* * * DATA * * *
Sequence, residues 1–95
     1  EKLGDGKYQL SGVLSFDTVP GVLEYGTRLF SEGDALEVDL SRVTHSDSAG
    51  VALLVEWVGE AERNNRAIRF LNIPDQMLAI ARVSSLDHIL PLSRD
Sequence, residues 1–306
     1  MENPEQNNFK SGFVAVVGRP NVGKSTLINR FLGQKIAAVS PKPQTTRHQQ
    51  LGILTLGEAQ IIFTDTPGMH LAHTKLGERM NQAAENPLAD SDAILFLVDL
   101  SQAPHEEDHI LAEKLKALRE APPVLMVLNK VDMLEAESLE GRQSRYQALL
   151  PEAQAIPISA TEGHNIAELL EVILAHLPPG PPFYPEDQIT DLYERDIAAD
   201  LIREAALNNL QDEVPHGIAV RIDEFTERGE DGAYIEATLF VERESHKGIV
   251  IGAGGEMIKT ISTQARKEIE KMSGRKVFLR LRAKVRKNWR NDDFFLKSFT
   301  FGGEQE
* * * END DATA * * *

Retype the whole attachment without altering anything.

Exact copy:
Sequence, residues 1–95
     1  EKLGDGKYQL SGVLSFDTVP GVLEYGTRLF SEGDALEVDL SRVTHSDSAG
    51  VALLVEWVGE AERNNRAIRF LNIPDQMLAI ARVSSLDHIL PLSRD
Sequence, residues 1–306
     1  MENPEQNNFK SGFVAVVGRP NVGKSTLINR FLGQKIAAVS PKPQTTRHQQ
    51  LGILTLGEAQ IIFTDTPGMH LAHTKLGERM NQAAENPLAD SDAILFLVDL
   101  SQAPHEEDHI LAEKLKALRE APPVLMVLNK VDMLEAESLE GRQSRYQALL
   151  PEAQAIPISA TEGHNIAELL EVILAHLPPG PPFYPEDQIT DLYERDIAAD
   201  LIREAALNNL QDEVPHGIAV RIDEFTERGE DGAYIEATLF VERESHKGIV
   251  IGAGGEMIKT ISTQARKEIE KMSGRKVFLR LRAKVRKNWR NDDFFLKSFT
   301  FGGEQE